The bid to revive Antonian cricket
The late eighties and the early nineties saw the cricketers from St. Anthony’s Katugatota hold sway thanks to the efforts of Ruwan Kalpage, Piyal Wijetunga, Muttiah Muralitharan and Sajith Fernando, in the main.
There followed a period of decline from 1993 up to about 2005. In this period, they won only two games, those against Vidyartha and Zahira.
A group of concerned former Anthonians cricketers under the inspirational leadership of Ranjith Peiris got together and formed the old Anthonians cricket Wing in 2000 to arrest the decline. Their priorities were to assist the school by financing the coaches, to look into the needs of the players, to assist the poorer cricketers by providing employment and to arrange coaching camps and get down their former Sri Lankan players to hand down the gospel to the present generation.
In actual fact the spade-work was done in 1986 when the Old Anthonians started playing Division Three cricket. ‘Old’ is a misnomer, for the team comprised many schoolboys. The team did enter the finals twice.
Ranjith’s credentials are pretty good. He played for the school team in 1974 (under Hiran Jayasundera) in 76 (under Bernard Perera) and in 1977 he was deputy to Thaiyar Mohamed. He was a lock forward in the rugby team of 1976 and he represented the school at table tennis, taking part in YMCA and Central Province tournaments.
Ranjith kept wickets in his first year and, in his final year scored 781 runs and captured 38 wickets to be adjudged the best All Rounder (outstation schools) in the Times Schoolboy Cricketer of the Year Contest. He had 5 wicket bags against St. Benedicts’, St. Sebastian’s and Trinity. He recalls with a tinge of nostalgic two big opening partnerships he shared with the burly Russel de la Motte – 163 versus Nalanda at Campbell Park and 136 versus Ananda at Katugastota.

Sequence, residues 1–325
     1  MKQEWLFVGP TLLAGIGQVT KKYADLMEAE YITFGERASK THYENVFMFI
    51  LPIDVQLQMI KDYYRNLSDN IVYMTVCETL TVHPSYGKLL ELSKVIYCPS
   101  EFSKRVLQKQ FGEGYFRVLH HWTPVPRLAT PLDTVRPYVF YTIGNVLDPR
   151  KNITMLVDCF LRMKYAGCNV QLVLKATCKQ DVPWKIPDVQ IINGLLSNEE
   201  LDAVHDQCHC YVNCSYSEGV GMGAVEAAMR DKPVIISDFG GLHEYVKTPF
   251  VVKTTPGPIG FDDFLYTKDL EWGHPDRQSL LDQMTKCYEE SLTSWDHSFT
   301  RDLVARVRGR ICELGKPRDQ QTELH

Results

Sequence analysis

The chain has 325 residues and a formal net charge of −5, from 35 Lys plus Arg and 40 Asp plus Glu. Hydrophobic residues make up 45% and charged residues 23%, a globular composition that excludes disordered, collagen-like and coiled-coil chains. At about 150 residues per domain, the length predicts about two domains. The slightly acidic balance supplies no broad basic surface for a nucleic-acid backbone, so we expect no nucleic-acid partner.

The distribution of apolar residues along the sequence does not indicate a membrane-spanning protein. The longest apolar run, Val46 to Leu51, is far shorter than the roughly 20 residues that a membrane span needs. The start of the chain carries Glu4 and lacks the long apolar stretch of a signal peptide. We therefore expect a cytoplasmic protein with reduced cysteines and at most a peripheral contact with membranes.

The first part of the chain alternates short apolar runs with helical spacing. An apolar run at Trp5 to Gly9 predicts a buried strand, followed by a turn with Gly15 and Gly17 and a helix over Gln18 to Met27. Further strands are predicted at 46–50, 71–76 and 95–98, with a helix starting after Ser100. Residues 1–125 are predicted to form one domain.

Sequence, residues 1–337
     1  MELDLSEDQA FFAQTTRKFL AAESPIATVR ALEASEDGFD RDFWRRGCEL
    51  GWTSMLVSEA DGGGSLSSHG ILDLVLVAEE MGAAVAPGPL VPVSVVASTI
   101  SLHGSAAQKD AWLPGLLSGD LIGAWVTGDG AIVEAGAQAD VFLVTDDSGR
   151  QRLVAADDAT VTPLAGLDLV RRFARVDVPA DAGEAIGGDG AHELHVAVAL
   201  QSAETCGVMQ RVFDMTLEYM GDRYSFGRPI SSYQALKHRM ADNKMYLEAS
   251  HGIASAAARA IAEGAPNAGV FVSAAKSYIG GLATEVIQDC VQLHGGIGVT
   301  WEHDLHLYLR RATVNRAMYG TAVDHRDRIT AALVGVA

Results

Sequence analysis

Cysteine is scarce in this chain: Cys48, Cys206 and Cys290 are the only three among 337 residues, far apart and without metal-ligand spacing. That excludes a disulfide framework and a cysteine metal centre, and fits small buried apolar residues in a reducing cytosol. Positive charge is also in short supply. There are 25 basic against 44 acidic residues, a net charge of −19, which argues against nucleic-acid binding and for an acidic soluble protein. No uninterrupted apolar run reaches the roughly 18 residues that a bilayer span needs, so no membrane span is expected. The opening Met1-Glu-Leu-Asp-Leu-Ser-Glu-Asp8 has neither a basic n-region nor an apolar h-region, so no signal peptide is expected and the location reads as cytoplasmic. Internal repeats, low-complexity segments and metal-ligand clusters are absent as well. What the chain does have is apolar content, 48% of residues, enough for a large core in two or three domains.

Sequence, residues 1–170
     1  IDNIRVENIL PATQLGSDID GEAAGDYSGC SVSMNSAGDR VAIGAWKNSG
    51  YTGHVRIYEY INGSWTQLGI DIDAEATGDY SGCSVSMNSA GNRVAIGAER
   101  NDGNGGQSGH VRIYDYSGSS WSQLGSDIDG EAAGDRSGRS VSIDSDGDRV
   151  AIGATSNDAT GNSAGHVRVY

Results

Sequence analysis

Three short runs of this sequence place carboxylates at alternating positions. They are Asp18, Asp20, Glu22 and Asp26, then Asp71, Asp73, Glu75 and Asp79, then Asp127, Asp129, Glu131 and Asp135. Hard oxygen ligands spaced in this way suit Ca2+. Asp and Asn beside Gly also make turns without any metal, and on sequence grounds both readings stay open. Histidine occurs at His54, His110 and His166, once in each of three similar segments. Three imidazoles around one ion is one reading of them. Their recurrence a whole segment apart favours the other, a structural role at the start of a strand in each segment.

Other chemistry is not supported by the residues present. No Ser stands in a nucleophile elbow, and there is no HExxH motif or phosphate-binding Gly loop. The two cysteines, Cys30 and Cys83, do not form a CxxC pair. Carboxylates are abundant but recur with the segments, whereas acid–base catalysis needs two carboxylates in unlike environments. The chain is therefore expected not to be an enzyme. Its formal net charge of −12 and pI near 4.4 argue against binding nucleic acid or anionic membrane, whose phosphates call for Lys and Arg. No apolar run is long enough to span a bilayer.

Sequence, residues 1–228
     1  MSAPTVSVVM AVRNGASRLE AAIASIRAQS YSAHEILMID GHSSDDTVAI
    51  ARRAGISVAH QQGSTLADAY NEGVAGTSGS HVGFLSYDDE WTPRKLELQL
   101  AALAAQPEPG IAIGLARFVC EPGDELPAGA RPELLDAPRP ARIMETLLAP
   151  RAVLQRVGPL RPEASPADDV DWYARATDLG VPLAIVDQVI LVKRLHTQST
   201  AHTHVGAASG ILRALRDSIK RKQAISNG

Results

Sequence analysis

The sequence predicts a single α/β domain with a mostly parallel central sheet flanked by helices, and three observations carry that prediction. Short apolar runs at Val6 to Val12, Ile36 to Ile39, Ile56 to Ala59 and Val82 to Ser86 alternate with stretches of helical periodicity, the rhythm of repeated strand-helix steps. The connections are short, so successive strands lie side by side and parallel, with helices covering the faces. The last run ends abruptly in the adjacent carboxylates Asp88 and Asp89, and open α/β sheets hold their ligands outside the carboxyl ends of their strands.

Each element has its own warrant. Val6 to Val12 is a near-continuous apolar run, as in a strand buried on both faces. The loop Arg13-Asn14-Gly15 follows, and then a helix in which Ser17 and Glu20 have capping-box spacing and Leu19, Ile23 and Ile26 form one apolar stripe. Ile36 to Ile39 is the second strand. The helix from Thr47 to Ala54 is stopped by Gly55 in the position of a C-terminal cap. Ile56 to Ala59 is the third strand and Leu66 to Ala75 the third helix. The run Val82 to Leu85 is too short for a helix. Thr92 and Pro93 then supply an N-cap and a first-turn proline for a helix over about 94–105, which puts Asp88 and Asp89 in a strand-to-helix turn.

Once out of school Ranjith played for Tobacco Company in The Mercantile Tournament and, from 1979 to 1981 for Colts under Kumar Ramanathan and Gamini Gunasena. On returning to Kandy in 1983, he played for Kandy CC and was hit on the bridge of the nose by Army’s hostile paceman W.S. Fernando. Two days in the Intensive care Unit convinced his wife that her better half should bid adieu to the game.
Ranjith is indeed happy that the efforts of the cricket wing seem to be bearing fruit. He points to the fact the under 17 team of 2006 were runners up in the all island tournament. The under 13 team won the Seylan Tikiri Tournament, while both under fifteen teams entered the final round. The senior team, which is the apple of the cricket wing eye, had wins over Royal, St. Benedicts and Ibbagamuwa Central in 2006/07.
Speaking of the decline, he says there was no proper feeder to the senior team. Techniques were poor and those handling the junior teams were only interested in winning matches. He adds that, given the format, you can play negative cricket and still win matches.
Speaking of the three Anthonian spinners who played for Sri Lanka, Ranjith says it is their discipline, dedication and commitment that took them to that level. He was particularly happy when all three played in a test together.
He bemoans the fact that Kandy’s cricketers lack facilities – grounds, materials etc. Job opportunities are cited as the main reason for the exodus from Kandy. The talent was never in question.Ranjith singles out a former principal Fr. Aiden de Silva as one who supported all sports. He was a good motivator.